The Toronto Maple Leafs have had a captain-by-committee approach over the past two seasons, and with the 2018-19 campaign still more than a month away, there’s no rush to stitch a letter to anyone’s sweater just yet.
But still, the question has been popular one in the hockey-crazed Canadian market, especially following the signing of Toronto native and former New York Islanders captain John Tavares, whom many believe should take on the captaincy ahead of his first season playing for his hometown team.
Others have pointed to third-year centreman Auston Matthews, dubbed the future of the franchise since the lottery balls lined up in the Maple Leafs’ favour, as the man to lead the club as captain.
Matthews was asked about the possibility of wearing the “C” in an interview with The Athletic‘s Jonas Siegel, which was published Tuesday, and said he’d “feel ready” if management asked him.
“Yeah, I would tell them yeah. I’d tell them I’d feel ready,” Matthews told Siegel (subscription required). “I don’t know what they’re thinking about doing, what they want to do. Obviously John has been the captain in New York for a while. So I don’t know what they’re thinking or what their whole ideal situation is for that. But I don’t think it really changes much, whether you have a letter or not, for myself or anybody. I go lead by example, on the ice, off the ice, and being a good teammate is a big part of that, too.”
In the interview, the 20-year-old also shared some insight into his off-season training and cleared up some early-summer storylines surrounding his relationship with head coach Mike Babcock and his response to the Maple Leafs’ signing of John Tavares. Here are five brief takeaways from the interview:
He tallied 29 assists in each of his first two seasons, but wants plenty more this year.
“There’s tons of things that you can look back on and you want to improve on. For myself, like I want to have more assists than I have goals, and obviously that hasn’t been the case the last two years.”
He’s studying smaller players in an effort to be more elusive with the puck.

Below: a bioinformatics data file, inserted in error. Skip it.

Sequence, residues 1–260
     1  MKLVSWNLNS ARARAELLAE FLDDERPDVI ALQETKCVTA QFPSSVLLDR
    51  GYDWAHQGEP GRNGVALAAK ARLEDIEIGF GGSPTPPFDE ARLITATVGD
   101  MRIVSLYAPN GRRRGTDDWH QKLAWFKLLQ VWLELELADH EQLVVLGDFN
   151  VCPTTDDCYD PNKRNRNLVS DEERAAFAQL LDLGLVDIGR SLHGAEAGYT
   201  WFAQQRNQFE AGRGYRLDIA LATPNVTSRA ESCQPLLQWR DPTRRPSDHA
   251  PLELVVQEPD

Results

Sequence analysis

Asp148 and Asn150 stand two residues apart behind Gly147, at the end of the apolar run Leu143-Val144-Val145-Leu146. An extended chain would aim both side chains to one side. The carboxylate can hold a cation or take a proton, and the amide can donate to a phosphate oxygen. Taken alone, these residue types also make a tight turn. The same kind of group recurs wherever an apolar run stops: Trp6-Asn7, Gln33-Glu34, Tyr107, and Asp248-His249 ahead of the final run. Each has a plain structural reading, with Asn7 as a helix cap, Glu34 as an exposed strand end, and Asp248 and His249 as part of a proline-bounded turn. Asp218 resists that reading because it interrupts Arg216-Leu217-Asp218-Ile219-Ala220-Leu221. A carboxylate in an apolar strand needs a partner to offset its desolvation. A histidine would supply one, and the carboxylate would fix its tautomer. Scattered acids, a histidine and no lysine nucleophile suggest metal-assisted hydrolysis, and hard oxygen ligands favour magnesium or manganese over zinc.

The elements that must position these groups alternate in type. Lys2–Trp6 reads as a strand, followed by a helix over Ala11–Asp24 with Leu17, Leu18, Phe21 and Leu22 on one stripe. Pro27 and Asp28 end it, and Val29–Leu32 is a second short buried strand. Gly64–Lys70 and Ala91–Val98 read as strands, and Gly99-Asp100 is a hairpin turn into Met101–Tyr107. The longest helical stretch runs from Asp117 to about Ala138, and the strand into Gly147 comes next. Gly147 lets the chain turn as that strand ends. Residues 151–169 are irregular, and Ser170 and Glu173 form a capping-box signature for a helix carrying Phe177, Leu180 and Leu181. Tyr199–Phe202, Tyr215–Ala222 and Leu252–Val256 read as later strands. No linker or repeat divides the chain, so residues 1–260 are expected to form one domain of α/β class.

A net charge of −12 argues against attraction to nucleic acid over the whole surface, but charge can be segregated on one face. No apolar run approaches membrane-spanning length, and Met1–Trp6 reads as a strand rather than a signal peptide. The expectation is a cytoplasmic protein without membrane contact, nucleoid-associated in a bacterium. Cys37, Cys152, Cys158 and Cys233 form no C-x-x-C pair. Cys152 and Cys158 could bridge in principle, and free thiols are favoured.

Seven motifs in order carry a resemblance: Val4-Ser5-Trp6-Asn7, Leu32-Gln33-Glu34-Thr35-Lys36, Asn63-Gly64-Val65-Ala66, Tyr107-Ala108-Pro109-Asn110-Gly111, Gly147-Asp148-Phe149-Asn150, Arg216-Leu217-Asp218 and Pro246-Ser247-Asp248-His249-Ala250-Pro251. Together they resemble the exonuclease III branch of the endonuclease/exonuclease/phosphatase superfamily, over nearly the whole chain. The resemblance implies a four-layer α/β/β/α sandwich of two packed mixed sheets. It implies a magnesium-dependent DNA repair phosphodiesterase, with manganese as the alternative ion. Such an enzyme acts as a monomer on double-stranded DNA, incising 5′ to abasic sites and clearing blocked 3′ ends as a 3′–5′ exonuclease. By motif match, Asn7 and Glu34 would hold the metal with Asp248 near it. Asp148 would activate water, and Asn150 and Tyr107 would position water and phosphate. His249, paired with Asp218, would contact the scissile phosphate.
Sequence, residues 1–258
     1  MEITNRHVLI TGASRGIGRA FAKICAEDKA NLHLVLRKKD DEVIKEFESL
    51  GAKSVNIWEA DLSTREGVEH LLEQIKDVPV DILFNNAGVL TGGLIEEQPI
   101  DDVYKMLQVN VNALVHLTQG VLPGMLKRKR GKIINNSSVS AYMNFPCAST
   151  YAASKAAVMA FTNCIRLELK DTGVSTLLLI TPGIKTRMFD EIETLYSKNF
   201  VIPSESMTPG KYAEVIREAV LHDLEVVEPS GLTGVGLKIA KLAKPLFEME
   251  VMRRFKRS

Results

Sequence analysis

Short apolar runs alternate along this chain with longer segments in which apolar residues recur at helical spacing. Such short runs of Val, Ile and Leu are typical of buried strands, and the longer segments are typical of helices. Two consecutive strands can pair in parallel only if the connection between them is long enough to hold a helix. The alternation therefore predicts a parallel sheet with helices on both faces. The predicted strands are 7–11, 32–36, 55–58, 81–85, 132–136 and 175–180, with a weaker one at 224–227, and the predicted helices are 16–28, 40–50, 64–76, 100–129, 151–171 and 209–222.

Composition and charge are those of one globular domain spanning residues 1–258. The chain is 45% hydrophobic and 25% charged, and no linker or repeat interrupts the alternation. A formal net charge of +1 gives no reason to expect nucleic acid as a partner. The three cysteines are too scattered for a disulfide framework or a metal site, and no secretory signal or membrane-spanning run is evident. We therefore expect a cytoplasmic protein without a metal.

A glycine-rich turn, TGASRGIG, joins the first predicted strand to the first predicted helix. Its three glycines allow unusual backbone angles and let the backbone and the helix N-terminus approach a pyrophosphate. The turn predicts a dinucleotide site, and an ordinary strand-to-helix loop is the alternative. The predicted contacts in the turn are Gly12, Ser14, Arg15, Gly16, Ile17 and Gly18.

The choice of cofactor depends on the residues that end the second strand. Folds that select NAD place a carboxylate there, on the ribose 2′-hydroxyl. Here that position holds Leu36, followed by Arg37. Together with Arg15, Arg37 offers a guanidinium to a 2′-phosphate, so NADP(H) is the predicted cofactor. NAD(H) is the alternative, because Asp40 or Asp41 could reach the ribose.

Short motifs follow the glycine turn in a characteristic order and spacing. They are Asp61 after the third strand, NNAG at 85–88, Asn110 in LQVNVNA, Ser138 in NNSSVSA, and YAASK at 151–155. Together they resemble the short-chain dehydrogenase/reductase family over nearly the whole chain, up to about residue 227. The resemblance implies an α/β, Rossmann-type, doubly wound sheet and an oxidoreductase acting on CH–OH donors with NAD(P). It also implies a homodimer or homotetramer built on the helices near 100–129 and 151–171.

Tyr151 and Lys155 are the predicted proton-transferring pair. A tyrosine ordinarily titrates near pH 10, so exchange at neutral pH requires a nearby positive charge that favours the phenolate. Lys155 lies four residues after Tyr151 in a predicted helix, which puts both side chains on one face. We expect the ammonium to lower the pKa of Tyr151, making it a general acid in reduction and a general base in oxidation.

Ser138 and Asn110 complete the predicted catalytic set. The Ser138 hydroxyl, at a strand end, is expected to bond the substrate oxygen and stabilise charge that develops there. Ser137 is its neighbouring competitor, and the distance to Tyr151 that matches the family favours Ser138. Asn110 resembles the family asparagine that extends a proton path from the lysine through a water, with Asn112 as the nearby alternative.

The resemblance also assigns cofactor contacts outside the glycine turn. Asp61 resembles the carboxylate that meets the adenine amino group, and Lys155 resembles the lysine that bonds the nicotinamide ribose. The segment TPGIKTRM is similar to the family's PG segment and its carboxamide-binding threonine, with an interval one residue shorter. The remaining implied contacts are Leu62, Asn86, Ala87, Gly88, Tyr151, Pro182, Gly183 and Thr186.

“I know I’m a big player and I can protect the puck, but when you throw that into it – like you look at guys like [Patrick] Kane and [Johnny] Gaudreau, and those guys, and even [Mitch] Marner and [William Nylander], they’re so shifty, they’re tough to hit. So as a big guy, I want to be able to do that as well as being able to protect the puck in the corner and get my shot off and be in a good position with the puck and be [able] to get away from guys quick and be tough to hit and tough to play against.”
He’s “so happy” the Maple Leafs signed Tavares in free agency, and dismissed the narrative that he was upset about it.
“I definitely wasn’t upset at all. It was pretty much exactly the opposite. I’m so happy. I called him beforehand and you don’t want to be an annoyance because you probably figure everybody’s calling him. I think the big thing for me was just letting him know I wanted him here — everybody wants him here.”
He believes the frenzy of storylines that came out of head coach Mike Babcock’s Arizona visit earlier this off-season was blown out of proportion.
“Obviously coaches, players, they’re not going to agree on everything and I think that was the case. And I think it’s just blowing up because it’s Toronto. I think it would’ve been a little better if it was kept hush-hush, but obviously it didn’t and it just blew (up) into another, I guess, pointless story that people looked too much into. But that’s all it was. It was just a discussion to make sure we’re all on the same page and we move forward.”
He measures himself against the league’s best: Sidney Crosby and Connor McDavid.
“Yeah, absolutely. I want to be on their level. I believe I am and that I can be.”